Reforming

In chemistry, reforming is processing technique by which the molecular structure of a hydrocarbon is rearranged to alter its properties. The process is frequently applied to low-quality gasoline stocks to improve their combustion characteristics.

Types of Reactors
1) Thermal reforming alters the properties of low-grade naphthas by converting the molecules into those of higher-octane number by exposing the materials to high temperatures and pressures.
2) Catalytic reforming uses a catalyst, usually platinum, to produce a similar result. Mixed with hydrogen, naphtha is heated and passed over pellets of catalyst in a series of reactors, under high pressure, producing high-octane gasoline. A high partial pressure of hydrogen is maintained to prevent the formation of excessive coke.



It has been necessary to improve the reforming process to increase both yield and quality of the gasoline produced. The yields of gasolines of good anti-knock quality which can be obtained economically by the thermal reforming are relatively low and the development of automobile engines has created a greater demand for high-octane motor gasolines. While Catalytic cracking has made a valuable contribution in this direction. Our talk will be about catalytic reforming.

Catalytic Reforming reactions

1) Desirable reactions in a catalytic reformer all lead to the formation of aromatics and iso-paraffins as follows:
1- Paraffins are isomerized and to some extent converted to naphthenes. The naphthenes are subsequently converted to aromatics.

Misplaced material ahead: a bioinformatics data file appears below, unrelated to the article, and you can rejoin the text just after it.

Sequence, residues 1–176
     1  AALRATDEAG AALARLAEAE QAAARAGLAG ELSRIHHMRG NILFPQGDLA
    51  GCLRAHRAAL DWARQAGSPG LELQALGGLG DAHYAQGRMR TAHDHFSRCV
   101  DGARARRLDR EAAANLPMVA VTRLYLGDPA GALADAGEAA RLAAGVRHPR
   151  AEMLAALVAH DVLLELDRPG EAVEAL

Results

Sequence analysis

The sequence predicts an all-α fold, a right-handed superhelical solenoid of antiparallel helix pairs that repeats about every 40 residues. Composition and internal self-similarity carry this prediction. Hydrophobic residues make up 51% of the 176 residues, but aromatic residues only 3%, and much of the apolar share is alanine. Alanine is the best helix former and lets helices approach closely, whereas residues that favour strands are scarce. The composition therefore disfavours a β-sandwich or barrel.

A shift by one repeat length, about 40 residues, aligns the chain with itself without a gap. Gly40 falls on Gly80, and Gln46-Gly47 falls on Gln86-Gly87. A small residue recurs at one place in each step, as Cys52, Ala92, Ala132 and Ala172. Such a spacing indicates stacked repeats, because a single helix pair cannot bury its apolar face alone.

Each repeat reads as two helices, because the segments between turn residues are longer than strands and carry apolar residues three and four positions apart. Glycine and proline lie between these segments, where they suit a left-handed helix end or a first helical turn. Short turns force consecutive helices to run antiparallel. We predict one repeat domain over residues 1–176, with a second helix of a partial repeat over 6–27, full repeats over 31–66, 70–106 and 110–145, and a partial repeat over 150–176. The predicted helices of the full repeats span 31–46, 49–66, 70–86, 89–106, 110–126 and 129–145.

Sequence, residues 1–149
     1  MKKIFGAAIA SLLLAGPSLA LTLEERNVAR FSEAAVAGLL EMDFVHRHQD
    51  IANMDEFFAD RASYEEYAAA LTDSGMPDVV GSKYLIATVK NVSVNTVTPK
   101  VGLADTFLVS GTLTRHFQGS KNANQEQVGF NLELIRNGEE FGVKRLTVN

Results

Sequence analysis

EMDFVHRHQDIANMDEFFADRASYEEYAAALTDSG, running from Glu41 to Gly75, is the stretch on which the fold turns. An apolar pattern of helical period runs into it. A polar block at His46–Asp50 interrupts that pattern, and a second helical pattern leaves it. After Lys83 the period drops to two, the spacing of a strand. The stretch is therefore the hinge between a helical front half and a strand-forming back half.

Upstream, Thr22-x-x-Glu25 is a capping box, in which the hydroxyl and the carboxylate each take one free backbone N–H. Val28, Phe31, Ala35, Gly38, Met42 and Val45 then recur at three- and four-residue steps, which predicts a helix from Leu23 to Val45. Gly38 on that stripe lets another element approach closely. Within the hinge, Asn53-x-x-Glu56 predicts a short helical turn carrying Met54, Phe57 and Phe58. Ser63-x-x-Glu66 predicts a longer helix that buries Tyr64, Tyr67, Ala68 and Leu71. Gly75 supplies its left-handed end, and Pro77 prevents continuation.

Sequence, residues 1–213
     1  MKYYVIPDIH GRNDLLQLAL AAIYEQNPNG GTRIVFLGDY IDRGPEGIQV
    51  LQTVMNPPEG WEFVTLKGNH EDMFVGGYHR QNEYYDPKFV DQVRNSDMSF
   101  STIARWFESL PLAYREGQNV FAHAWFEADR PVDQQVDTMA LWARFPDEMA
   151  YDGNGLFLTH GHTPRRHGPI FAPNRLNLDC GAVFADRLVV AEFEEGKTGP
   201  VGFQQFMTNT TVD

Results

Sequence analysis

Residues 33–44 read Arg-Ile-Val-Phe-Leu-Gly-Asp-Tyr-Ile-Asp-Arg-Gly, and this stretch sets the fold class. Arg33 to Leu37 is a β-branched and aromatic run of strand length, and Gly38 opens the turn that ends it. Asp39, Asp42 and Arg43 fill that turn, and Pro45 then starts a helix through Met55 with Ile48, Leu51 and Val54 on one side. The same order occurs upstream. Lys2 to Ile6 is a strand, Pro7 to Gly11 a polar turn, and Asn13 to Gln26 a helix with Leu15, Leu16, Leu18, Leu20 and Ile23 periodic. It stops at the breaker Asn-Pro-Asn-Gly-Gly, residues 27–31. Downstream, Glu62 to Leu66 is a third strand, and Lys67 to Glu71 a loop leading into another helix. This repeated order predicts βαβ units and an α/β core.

2- Olefins are saturated to form paraffins which then react as in (1).
3- Naphthenes are converted to aromatics.
4- Aromatics are left essentially unchanged.

2) Reactions leading to the formation of undesirable products include:
1- Dealkylation of side chains on naphthenes and aromatics to form butane and lighter paraffins.
2- Cracking of paraffins and naphthenes to form butane and lighter paraffin

It can be considered four major reactions that take place during reforming
(1) - Dehydrogenation of naphthenes to aromatics
- Dehydrocyclization of paraffins to aromatics
(2) Isomerization
(3) Hydrocracking

The first two of these Reactions involve dehydrogenation


(1) Dehydrogenation Reactions

They are highly endothermic. It is necessary to obtain the aromatic concentration needed in the reformate product to give the octane improvement needed.



(2)Isomerization Reactions

Isomerization of paraffins and cyclopentanes usually results in a lower octane product than does conversion to aromatics. High hydrogen-to- hydrocarbon ratios reduce the hydrocarbon partial pressure and thus favor the formation of isomers.



(3) Hydrocracking Reactions

The hydrocracking reactions are exothermic and result in the production of lighter liquid and gas products. They are relatively slow reactions and therefore most of the hydrocracking occurs in the last section of the reactor.


Reforming processes are classified as continuous, cyclic, or semi-regenerative depending upon the frequency of catalyst regeneration.

There are several major reforming processes in use today like
1. Platforming process
2. Powerforming
3. Ultraforming
4. Catalytic Reform
ing 5. Magnaforming
6. Reforming
7. Rheniforming

References

James H. Gary and Glenn E. Handwerk “Petroleum Refining” technology and economics [4th edition ] chapter 10